Latin Women in Film

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Filmmaking, at its core, is a storytelling medium. Whether it is fiction, non-fiction, linear, non-linear, feature or documentary film, the goal with film is to tell a compelling story of an intriguing subject. That subject is often a person, event, place, or place in time. The amazing thing about the film medium, if executed properly, is that it can tell us a story about someone we think we have known through stories, written works, and history books and make us realize we may have not really known the person at all.

What is even more impressive is it can tell us a story of someone we knew absolutely nothing about and make that much more of an impact in our knowledge. This is the case for films that are made about Latin Women throughout history that are either highly known, or barely known by the general population and/or history scholars. Films such as Lucia (1968), Camila (1984), and Frida (2002) are motion pictures that tell the stories of revolutionary Latin Women and Important historical events through women’s perspectives from various regions in Latin America that include Mexico City, Argentina, and Cuba.

Some of these stories are well known, or at least are thought to be well known, such as Frida. However, the stories of Camila O’Gorman and the historical situations analyzed in Lucia are less known throughout popular history, especially in the United States and these film’s goals are to broaden the audience to hear and know these important stories of these revolutionaries. The non-fiction narratives of Camila O’Gorman and Frida Kahlo, along with the realistic fiction narratives of all three Lucias show examples of women who challenged societal norms of all sorts and revolutionized their times because of it. This is shown through the film medium by their respective motion pictures.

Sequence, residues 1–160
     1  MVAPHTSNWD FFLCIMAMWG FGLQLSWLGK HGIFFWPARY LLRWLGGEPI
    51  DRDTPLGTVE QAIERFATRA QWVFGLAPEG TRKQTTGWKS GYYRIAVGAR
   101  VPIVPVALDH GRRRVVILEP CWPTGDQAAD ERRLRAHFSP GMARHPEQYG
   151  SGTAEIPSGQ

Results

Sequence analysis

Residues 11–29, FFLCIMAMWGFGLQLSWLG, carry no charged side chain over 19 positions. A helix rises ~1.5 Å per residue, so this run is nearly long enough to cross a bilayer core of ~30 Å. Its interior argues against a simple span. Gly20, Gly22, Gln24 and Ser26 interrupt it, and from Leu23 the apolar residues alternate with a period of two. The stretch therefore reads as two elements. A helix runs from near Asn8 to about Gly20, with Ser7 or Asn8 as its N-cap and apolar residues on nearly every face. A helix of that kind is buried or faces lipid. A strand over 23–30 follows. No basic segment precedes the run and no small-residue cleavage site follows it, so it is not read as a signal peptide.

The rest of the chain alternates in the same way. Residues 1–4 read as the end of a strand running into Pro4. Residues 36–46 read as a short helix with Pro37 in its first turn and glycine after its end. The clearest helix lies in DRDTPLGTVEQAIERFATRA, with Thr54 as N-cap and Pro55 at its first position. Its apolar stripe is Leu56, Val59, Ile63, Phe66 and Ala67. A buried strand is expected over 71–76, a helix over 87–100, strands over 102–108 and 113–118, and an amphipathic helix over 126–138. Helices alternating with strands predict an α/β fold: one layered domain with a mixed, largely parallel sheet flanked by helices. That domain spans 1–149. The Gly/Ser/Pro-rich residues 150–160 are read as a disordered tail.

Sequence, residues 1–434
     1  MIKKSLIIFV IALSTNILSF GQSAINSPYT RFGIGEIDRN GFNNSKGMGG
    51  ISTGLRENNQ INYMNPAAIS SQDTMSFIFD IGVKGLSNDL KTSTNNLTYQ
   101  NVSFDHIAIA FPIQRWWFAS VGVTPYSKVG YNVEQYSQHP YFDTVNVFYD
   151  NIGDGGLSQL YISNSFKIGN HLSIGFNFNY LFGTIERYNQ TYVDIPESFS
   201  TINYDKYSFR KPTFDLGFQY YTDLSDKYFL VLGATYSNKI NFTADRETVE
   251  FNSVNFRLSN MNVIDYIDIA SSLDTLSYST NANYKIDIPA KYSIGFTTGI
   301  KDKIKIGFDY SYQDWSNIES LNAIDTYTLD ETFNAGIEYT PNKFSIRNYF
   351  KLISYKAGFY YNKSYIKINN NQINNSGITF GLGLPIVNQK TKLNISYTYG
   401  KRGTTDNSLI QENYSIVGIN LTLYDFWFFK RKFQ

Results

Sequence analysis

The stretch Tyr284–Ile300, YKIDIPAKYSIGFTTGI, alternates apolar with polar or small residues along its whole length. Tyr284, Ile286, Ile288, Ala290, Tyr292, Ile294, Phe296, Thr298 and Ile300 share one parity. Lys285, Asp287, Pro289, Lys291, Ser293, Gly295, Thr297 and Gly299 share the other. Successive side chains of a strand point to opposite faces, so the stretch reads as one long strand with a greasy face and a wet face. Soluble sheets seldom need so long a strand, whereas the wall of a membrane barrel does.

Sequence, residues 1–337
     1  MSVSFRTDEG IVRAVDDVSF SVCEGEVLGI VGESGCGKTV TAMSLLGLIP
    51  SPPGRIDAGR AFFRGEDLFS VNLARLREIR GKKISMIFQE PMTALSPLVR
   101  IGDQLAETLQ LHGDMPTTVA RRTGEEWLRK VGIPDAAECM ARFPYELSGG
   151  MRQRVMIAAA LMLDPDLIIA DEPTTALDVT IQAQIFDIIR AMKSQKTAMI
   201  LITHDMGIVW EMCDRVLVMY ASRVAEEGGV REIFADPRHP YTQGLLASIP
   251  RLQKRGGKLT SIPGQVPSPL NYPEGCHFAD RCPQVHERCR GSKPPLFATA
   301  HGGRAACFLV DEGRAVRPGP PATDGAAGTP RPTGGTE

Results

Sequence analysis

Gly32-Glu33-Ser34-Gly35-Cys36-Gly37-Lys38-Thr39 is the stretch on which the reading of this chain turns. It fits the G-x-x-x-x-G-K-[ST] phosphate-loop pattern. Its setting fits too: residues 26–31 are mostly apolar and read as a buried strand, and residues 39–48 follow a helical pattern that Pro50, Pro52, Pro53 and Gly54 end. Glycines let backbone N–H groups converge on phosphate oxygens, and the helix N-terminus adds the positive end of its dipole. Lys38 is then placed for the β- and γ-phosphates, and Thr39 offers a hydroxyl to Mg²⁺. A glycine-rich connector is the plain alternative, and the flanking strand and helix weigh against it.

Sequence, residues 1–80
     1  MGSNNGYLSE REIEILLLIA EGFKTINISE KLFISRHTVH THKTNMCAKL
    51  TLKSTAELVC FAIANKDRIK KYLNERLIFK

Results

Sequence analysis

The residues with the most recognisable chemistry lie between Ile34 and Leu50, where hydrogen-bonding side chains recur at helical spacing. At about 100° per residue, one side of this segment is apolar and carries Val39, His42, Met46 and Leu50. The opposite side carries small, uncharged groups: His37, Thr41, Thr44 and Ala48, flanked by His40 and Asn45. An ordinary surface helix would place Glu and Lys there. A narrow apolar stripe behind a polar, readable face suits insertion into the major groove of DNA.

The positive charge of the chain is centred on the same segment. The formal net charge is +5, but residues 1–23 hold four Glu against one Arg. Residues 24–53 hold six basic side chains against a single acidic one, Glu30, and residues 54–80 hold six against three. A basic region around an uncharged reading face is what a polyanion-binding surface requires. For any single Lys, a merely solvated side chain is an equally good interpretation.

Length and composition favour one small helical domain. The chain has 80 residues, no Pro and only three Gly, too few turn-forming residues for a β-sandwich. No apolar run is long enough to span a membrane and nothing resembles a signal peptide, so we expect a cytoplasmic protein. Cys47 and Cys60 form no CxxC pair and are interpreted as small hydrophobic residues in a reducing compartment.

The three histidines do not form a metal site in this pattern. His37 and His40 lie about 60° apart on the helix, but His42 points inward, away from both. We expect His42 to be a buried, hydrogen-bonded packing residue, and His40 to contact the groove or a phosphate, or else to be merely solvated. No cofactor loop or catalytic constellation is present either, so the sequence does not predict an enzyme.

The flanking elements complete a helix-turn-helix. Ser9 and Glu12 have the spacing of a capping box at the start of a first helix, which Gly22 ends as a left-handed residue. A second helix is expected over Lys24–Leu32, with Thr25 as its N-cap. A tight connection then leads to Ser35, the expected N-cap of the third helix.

Lucia (1968) is a motion picture written and directed for the screen by Humberto Solás. Solás, a filmmaker from Havana, Cuba, has directing credits for popular Cuban films such as, La Huida (1958), and Cantata de Chile (1975) . Lucia aims to highlight different periods in Cuban History over 6 decades in order to show the gradual change of women in society through the times in the perspective of three different women, all named Lucia, in their respective period in time.

The first part of the film depicts who we know as the first Lucia or Lucia I, portrayed by Cuban actress Raquel Revuelta, set in the beginning of La Guerra de Independencia Cubana or the Cuban War of Independence; 1895. This segment of the film shows Lucia, a member of the upper class, who’s mind revolves around the war, specifically the rebel army because her brother is a soldier in that army. She worries for him, of course. Like most women in the late 19th century, Lucy’s mind also revolves around who and when she will marry. Because of her brother, her feelings towards the war and politics are negative.

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